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They look real – the crumbling cheeses, the apples, the glass of wine, the trailing apple peel, the dully-gleaming pewter plate. Floris van Dijck shows us that he was a past master at rendering different materials. In the seventeenth century Schrevelius put it like this: ‘Here you have Floris van Dijck, who could lure and catch the eager women, indeed the very birds with his artistic brush’.
Various meanings have been ascribed to this still life in the past. It is certainly no coincidence that the various items of food in the painting represent the four flavours: the apples are sour, the nuts bitter, the cheeses salt and the grapes sweet. The two stacked cheeses also call to mind an old Dutch saying, ‘put butter with cheese and the devil you’ll please’. Two items of dairy products on top of one another, usually butter and cheese, were seen as extravagance. This still life can thus be interpreted as an admonition to sobriety – something that would have held particular appeal for the Calvinist Dutch of the time.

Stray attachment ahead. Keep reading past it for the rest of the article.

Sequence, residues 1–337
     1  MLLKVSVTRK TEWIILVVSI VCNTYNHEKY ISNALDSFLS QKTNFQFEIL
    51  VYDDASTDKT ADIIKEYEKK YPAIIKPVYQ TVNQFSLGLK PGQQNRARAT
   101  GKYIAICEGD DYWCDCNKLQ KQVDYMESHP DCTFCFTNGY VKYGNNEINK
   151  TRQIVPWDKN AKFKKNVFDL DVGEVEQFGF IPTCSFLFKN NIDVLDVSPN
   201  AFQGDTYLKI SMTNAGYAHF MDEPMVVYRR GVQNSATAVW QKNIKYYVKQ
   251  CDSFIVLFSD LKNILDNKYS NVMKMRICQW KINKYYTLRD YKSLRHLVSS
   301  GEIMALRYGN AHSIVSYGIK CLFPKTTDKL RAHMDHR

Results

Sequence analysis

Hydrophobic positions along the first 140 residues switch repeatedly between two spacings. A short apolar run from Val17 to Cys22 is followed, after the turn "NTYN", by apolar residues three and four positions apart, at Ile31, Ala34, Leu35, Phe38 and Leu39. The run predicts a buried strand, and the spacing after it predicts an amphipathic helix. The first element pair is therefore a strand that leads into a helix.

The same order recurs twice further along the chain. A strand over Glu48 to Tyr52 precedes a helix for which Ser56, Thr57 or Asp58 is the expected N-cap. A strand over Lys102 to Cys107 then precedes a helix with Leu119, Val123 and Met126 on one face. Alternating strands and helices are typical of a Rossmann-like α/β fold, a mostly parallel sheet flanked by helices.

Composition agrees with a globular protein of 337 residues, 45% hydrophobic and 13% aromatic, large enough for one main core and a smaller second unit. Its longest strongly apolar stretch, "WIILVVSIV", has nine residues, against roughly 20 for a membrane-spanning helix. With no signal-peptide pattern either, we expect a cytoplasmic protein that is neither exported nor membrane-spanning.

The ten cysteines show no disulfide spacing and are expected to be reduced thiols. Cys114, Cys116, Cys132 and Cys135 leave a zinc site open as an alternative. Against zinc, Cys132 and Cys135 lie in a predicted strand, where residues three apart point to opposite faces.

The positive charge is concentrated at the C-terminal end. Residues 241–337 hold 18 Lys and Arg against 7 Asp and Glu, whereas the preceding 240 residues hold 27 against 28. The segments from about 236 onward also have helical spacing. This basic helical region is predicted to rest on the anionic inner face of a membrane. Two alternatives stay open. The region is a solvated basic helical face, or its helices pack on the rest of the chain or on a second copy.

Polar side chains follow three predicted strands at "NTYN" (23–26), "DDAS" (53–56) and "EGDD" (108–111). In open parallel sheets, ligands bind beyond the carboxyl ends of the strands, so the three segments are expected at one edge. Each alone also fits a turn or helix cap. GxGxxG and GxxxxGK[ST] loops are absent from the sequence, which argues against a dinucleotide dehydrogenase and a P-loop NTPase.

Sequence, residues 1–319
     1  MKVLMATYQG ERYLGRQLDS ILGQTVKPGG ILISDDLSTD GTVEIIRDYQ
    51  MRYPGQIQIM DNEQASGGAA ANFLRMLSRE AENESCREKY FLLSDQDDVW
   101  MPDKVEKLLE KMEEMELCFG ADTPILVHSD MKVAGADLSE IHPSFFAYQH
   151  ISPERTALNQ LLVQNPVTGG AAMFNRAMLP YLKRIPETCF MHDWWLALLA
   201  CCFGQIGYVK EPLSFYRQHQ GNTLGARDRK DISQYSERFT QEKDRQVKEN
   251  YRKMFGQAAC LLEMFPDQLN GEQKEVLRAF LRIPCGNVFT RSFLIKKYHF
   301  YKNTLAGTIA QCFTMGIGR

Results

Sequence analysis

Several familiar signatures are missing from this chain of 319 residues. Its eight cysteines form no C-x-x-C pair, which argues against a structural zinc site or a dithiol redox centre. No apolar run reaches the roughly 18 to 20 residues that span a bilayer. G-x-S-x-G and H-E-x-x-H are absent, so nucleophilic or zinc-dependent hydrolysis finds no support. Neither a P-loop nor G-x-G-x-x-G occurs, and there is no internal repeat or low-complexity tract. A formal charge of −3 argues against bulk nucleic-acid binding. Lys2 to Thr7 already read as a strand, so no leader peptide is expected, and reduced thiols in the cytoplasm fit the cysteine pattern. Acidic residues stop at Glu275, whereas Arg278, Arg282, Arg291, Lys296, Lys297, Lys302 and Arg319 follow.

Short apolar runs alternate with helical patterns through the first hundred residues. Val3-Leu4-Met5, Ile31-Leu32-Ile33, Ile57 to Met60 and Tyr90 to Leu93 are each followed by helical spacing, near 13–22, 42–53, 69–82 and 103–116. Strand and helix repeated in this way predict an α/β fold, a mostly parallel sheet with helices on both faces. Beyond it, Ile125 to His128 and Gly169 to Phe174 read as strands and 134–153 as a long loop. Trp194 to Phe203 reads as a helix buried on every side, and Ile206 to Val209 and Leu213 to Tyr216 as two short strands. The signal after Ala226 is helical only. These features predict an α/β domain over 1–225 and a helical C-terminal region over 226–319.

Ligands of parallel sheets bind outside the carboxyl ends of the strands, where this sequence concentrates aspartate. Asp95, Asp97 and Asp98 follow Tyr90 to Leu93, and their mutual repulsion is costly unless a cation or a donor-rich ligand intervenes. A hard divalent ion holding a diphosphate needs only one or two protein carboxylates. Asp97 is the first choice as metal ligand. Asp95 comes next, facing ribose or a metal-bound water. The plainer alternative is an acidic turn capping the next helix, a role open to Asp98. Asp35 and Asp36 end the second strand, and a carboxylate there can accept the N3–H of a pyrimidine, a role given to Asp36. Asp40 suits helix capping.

It is no longer possible to discover whether the painter actually intended to embody this message iin the painting. It is equally likely that he simply painted a customary combination of foodstuffs. And as far as the large cheeses, so prominently displayed, are concerned – cheese was an important Dutch export even in the seventeenth century.

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